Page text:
The worst thing for pedestrians in London, is cyclists on the footpath. I can handle a child of 8 or 9 who maybe isn’t confident yet, children certainly shouldn’t be cycling on busy London roads, but when it’s a 20 year old fit and healthy male on a mountain bike or BMX speeding down a footpath, that’s not good. What choice does the walker have but to move, if the high speed cyclist hit me, I would take the most damage, so there’s no point in playing chicken.
Obviously there are many other obstacles, traffic, pot holes, council works, and scaffolding, ladders, and so on. But you get used to dodging these things.
The spatial awareness of people is the main problem. When I am walking, on the rare occasion that a person is walking faster than me I am acutely aware that they are nearby and will move accordingly so they can pass. But so many people don’t seem able to do this, they keep slowly plodding along with no idea that the rest of the world is trying to circumnavigate them. This is not necessarily people wearing headphones, I listen to music all the time while walking. It’s also not people who are distracted at times, sometimes you approach a person engaged in their phone or reading a sign, they still notice your presence, there simply seems to be a percentage of the public who have no spatial awareness. This also relates to people waving their arms around when talking and walking and not thinking that space may be limited and their sudden movements might hit someone in the face. Some people don’t think about their environment and the other people who share it, some people don’t care (they OWN the footpath)
Sometimes when you’re walking down the road, you’ll see a person approaching, there’s a tacit way of communicating whereby you both acknowledge that you have identified each other’s existence and you will both make a small adjustment to ensure you both are able to pass each other without coming into contact or having to exchange pleasantries. Although the English say sorry all the time and apologise often, often the apologies are in fact passive aggressive ways of telling you how unhappy they are with your behaviour, but that’s another issue.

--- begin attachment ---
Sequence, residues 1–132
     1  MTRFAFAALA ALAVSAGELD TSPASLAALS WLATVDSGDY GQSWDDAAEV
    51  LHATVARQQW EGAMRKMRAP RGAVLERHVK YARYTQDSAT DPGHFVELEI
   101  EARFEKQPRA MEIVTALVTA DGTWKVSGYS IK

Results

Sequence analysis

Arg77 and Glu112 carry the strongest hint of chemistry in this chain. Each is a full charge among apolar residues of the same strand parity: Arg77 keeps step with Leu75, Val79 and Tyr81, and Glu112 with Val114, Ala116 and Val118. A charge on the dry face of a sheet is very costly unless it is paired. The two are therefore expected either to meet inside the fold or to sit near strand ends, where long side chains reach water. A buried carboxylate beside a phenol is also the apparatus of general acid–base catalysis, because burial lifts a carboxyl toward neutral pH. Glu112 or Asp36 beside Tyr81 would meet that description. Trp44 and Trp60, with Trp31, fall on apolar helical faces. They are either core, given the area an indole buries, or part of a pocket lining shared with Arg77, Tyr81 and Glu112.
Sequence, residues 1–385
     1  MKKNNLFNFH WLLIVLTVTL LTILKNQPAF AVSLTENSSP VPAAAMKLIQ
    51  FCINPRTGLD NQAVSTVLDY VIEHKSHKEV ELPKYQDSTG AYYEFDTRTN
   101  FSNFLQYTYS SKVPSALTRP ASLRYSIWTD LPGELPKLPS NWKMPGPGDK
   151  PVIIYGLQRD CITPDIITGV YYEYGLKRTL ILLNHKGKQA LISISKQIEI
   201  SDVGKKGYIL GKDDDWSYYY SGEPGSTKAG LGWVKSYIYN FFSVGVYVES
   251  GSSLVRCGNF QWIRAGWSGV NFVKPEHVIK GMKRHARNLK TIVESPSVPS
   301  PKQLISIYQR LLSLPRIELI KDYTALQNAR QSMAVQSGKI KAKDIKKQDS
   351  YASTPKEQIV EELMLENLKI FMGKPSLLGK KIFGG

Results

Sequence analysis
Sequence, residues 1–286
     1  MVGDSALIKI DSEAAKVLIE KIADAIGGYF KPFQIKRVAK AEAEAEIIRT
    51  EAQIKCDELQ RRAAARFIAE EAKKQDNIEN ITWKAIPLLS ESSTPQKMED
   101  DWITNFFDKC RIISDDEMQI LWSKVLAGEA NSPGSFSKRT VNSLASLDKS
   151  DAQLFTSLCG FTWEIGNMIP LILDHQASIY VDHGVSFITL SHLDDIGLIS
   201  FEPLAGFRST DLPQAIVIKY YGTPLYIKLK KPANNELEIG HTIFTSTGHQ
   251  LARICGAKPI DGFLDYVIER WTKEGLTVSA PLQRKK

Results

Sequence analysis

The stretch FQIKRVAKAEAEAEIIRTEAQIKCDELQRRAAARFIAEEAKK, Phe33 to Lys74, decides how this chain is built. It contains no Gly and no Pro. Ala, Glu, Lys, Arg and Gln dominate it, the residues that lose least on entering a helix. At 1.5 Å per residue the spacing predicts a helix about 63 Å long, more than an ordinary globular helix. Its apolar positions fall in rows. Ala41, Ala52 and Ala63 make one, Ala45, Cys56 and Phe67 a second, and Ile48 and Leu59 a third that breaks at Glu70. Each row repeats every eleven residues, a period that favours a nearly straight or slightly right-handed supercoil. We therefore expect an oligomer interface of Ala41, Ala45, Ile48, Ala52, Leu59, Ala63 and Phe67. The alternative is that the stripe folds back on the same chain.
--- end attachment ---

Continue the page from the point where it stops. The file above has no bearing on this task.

But there’s a subsection of people who despite this very subtle pedestrian communication and unspoken understanding of behaviour, they purposely break the rules. You see a person coming towards you, you think you have made the necessary brief eye contact, acknowledgement of which side you or they are going to walk on, but this person keeps edging towards you, not staying on their path, but actually coming closer to you. You accept that maybe they have misunderstood the communication so you make a sharp move to the other side, but they drift towards you again and manage to brush shoulders or bump you. This is different to the “footpath dance” it happens to us all, where you encounter a person and you both move the same way, then the other, then you both stop and laugh and one lets the other by, happens to even the most seasoned walkers, but this is about people who actively make contact, it’s not aggressive, but it is purposeful.
My completely unproven theory is this:
Some people have grown up with such a lack of positive physical contact, or have none in their lives that they feel the need to make contact on purpose with random members of the public, a little human touch. I suspect for the most part these people are completely unaware of the fact they do this. Just a theory, but I can’t think of any other reason.